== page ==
Dan Mitchell has a great article below that I thought you would be interested in.
February 3, 2013 by Dan Mitchell
A reader from New York has a follow-up question for me.
Referencing a “Question of the Week” from last month, in which I expressed guarded optimism that America could be saved, she wants to know what I would do if things go the wrong way.
In other words, what if things go really wrong and America suffers a Greek-style fiscal collapse? And imagine how bad that might be since there wouldn’t be an IMF or European Central Bank capable of providing bailouts to the United States.
Perhaps because of an irrational form of patriotism, I’m fairly certain that I will always live in the United States and I will be fighting to preserve (or restore) liberty until my last breath.
But I probably would want my children someplace safe and stable, so I’ll answer the question from that perspective.
The obvious first choice is a zero-income tax jurisdiction like the Cayman Islands that is prosperous and reasonably well governed.
But I’m not sure about the long-run outlook for the Cayman Islands, in part because the politicians there have flirted with an income tax and in part because the jurisdiction inevitably would suffer if the United States was falling apart.
So what’s a place that is stable and not overly tied to the American economy.
But while Switzerland is not dependent on the U.S. economy, it is surrounded by European welfare states. And I’m fairly certain that nations such as France, Italy, and (perhaps) Germany will collapse before America.
And even though most Swiss households have machine guns and the nation presumably can defend itself from barbarian hordes in search of a new welfare check, Switzerland’s probably not the ideal location.
Estonia is one of my favorite countries, and they’ve implemented some good reforms such as the flat tax. But I worry about demographic decline. Plus, I’m a weather wimp and it’s too chilly most of the year.
Another option is a stable nation in Latin America, perhaps Chile, Panama, or Costa Rica. I haven’t been to Chile, but I’m very impressed by the nation’s incredible progress in recent decades. I have been to Panama many times and it is one of my favorite nations. I’ve only been to Costa Rica two times, but it also seems like a nice country.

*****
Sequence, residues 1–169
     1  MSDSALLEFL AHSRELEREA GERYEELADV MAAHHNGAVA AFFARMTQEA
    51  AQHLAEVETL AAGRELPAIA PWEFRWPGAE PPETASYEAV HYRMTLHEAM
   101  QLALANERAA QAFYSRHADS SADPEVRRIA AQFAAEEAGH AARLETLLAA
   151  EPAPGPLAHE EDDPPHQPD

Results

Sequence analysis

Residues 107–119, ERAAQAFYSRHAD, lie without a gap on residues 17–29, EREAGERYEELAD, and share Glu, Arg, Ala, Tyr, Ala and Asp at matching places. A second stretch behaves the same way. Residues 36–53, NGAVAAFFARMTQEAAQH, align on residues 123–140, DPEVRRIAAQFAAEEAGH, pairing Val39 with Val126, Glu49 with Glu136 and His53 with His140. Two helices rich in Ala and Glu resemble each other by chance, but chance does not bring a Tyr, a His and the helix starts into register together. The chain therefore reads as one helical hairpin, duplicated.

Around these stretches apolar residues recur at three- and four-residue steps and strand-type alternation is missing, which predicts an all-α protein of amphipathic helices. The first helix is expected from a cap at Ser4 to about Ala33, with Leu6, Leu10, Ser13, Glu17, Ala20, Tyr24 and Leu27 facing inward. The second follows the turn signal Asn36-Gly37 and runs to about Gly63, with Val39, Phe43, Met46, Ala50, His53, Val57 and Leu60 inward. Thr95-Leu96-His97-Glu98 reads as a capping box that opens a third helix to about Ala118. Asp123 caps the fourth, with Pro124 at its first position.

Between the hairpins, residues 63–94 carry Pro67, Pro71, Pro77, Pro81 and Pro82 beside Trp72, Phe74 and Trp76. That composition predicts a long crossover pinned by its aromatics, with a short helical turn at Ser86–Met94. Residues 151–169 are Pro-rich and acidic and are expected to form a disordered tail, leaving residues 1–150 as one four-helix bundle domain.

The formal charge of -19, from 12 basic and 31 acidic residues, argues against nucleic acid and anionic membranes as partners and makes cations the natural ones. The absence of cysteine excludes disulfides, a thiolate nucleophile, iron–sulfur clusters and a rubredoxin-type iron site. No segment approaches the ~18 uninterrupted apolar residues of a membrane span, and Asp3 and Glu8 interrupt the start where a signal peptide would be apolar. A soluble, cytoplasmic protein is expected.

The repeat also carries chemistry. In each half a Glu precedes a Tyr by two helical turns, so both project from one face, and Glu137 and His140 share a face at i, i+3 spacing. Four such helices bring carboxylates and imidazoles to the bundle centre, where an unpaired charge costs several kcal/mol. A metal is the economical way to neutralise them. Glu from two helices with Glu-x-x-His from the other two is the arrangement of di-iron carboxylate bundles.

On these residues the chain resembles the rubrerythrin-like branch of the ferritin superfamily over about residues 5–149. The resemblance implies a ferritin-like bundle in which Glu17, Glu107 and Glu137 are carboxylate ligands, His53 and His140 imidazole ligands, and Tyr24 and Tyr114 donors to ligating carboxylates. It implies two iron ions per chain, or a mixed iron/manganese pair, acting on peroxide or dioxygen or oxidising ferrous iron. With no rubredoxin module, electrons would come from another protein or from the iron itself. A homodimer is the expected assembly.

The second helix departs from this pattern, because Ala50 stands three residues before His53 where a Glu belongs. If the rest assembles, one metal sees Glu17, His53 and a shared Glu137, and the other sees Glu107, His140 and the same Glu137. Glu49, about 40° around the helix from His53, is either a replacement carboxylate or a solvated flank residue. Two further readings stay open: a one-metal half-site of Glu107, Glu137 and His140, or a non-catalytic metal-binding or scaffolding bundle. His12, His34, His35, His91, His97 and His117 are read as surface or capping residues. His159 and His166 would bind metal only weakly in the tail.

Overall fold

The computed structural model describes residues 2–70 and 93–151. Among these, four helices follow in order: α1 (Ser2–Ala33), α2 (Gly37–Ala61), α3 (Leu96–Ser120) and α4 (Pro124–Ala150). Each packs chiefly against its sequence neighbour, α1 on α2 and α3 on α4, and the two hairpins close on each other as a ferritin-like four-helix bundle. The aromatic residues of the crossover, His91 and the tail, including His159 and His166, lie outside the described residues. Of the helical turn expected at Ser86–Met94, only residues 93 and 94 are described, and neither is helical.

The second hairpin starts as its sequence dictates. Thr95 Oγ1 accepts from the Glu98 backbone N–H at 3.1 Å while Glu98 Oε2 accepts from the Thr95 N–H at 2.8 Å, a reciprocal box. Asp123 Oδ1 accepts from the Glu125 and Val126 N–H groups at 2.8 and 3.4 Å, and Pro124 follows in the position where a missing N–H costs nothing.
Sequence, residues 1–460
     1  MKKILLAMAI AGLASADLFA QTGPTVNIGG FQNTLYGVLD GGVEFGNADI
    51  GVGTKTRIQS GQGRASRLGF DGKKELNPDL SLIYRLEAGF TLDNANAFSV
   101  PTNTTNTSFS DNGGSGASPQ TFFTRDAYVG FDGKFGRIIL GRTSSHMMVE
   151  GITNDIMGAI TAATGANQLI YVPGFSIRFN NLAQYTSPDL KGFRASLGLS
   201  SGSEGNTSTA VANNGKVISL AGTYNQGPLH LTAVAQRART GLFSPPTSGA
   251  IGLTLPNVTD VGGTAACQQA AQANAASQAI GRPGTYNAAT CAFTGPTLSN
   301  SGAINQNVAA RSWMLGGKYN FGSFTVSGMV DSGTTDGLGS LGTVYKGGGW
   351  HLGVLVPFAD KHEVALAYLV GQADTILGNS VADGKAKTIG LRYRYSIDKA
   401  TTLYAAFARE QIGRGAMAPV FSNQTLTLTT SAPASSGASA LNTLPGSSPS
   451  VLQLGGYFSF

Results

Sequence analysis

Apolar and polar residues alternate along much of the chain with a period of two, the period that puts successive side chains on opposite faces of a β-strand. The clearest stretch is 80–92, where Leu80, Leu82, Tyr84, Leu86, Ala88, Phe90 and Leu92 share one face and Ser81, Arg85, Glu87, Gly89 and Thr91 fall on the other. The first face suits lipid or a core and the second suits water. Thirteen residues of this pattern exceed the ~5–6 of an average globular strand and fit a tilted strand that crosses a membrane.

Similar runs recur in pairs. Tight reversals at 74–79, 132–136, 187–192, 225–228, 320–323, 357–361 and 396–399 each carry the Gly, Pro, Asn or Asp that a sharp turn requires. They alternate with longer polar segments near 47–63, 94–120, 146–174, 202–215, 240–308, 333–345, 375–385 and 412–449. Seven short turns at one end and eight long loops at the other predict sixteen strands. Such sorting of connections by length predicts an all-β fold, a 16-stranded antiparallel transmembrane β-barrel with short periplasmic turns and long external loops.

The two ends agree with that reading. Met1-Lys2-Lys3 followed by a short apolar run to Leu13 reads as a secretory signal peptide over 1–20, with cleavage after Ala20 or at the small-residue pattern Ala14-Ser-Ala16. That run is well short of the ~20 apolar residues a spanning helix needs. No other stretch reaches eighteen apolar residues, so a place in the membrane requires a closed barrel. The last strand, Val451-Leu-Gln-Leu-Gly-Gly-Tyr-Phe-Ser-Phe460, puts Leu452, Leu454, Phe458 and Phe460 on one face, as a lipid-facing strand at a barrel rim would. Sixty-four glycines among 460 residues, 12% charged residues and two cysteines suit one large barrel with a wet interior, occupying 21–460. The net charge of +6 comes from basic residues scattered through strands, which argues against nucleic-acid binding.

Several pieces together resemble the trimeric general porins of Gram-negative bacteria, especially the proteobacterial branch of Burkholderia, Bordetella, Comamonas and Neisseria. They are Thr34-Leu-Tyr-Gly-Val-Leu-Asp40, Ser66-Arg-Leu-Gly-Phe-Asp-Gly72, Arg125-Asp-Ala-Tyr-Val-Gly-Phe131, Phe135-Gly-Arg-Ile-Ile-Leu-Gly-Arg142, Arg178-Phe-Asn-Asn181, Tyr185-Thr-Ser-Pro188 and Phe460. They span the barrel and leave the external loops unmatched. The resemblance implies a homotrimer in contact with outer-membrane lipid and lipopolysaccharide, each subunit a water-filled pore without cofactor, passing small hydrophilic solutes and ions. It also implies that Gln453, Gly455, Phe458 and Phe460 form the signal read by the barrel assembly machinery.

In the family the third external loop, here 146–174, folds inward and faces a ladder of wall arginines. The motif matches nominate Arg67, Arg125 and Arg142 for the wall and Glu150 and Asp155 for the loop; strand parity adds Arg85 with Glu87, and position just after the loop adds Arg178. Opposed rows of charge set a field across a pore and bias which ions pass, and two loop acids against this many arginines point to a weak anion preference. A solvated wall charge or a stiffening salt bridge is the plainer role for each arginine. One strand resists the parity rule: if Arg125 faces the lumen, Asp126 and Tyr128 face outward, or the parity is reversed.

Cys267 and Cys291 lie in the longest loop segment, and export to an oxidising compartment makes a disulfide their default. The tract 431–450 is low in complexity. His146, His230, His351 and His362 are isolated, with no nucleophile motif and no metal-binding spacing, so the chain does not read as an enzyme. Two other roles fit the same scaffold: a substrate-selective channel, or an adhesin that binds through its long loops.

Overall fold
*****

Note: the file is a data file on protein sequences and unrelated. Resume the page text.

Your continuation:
The bad news is that I don’t speak Spanish (and my kids don’t speak the language, either). The good news is that Hispanics appear to be the world’s happiest people, so that should count for something.
This brings me to Australia, the country that probably would be at the top of my list. The burden of government spending in Australia is less than it is in the United States.
But the gap isn’t that large. The reason I like Australia is that the nation has a privatized Social Security system (called Superannuation) and the long-run fiscal outlook is much, much better than the United States.
Plus the Aussies are genuinely friendly and they speak an entertaining form of English.
So if America goes under, I recommend going Down Under.
We don’t have to fall apart in the USA if we are willing to make the tough cuts and reshape the entitlements. Below is a great video that discusses this.
What Can We Cut to Balance the Budget
Published on Oct 16, 2012
If the U.S. government cut all government services except Social Security, Medicare, Medicaid, and payments on the debt, federal spending would still outpace revenues. Prof. Antony Davies argues that there are not specific cuts that will enable government to balance the budget. He says, “Nothing less than a redesign will solve this problem.” That redesign should begin by determining what the proper role of government is.
Europe is going down the tubes fast if they keep on the same path.
December 3, 2011 by Dan Mitchell
There’s a rather simple solution to Europe’s fiscal crisis, but politicians will never do the right thing unless every other option is exhausted.
That’s why American taxpayers should not be involved in any sort of European bailout, either directly or indirectly.
This cartoon captures my sentiment.
At the risk of being picky, however, I would replace “Fed” with “USA/IMF” or something like that.
As I explained a few days ago, the Federal Reserve’s recent announcement that it will provide dollar liquidity to Europe is not necessarily objectionable. After all, the Europeans have to pay us back if they borrow dollars, with interest, at current exchange rates.
Yes, I worry European politicians may interpret the Fed’s actions as a signal that they can defer long-overdue reforms, and I also worry that it might be a precursor for easy-money policies in the future.
But the real threat to American taxpayers is that the International Monetary Fund may provide more bailouts to Europe.
I keep explaining that the only solution is for Europe’s welfare states to copy the Baltic nations and actually cut spending, but that will never happen if European politicians think that they can get an IMF handout (and thus shift some of their bad fiscal policy onto the backs of American taxpayers).